The saiga, a small antelope, has a big nose like a whale. Males use it to attract mates, filter dust, and warm freezing air. Once widespread, hunting has brought them close to extinction.
Mongolian wild horses, close relatives of zebras and domestic horses, are adapted to survive freezing winters. They graze on grasses and have never been fully domesticated.
Giant anteaters, found in Central and South American forests, eat 30,000 ants daily. With their thick fur, they break open ant hills and use their tongues to gather food.
The secretary bird, native to sub-Saharan Africa, is a large bird of prey with a distinctive appearance. It hunts small mammals and reptiles in African grasslands.
Hamadryas baboons, revered by ancient Egyptians, live in large troops for protection. Their threatening behaviors include yawning, lip-smacking, and intense eye contact.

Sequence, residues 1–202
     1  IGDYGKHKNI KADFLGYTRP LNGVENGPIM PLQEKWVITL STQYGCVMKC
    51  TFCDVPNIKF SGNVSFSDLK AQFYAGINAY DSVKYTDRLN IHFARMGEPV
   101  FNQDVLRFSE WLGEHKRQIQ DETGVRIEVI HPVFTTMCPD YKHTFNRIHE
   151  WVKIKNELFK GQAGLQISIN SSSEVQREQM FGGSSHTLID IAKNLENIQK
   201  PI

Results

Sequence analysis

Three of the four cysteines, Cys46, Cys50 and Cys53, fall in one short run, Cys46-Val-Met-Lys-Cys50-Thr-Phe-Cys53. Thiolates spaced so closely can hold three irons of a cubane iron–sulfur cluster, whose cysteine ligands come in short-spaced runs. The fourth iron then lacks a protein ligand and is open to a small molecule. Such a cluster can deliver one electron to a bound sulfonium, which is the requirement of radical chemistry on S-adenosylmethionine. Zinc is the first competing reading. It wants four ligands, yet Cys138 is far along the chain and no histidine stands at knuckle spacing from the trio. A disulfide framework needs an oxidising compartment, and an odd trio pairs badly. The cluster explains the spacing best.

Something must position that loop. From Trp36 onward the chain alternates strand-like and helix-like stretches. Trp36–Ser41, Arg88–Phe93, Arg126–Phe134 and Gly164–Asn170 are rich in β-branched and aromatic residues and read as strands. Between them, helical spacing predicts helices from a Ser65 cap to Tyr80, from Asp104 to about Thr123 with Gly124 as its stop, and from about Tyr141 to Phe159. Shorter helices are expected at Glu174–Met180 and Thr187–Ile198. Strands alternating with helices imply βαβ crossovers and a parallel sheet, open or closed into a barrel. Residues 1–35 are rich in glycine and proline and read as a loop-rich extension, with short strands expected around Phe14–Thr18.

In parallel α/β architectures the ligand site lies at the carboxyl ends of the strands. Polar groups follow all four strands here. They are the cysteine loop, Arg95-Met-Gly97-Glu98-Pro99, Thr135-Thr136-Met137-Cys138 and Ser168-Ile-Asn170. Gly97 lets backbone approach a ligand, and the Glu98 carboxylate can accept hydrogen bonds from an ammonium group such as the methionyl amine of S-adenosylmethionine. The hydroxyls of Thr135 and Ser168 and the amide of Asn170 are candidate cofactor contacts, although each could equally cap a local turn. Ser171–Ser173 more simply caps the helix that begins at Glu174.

Jerboas, small rodents, leap high and move in zigzag patterns. They rely on insects and plants for water. The desert-dwelling species has large ears.
Burrowing owls live in ground burrows, attracting prey with scat. They are small and vulnerable to larger owls and mammals.
Northern lynx, small and powerful felines with tufted ears, hunt birds and use broad paws as snowshoes. Prized for fur, their population declines.
Hairy armadillos have movable plates, emit shrill screams, and dig burrows with hind feet. Solitary creatures with unique characteristics.
The houbara bustard, hunted by princes, is a flightless bird. Conservation efforts have led to population growth.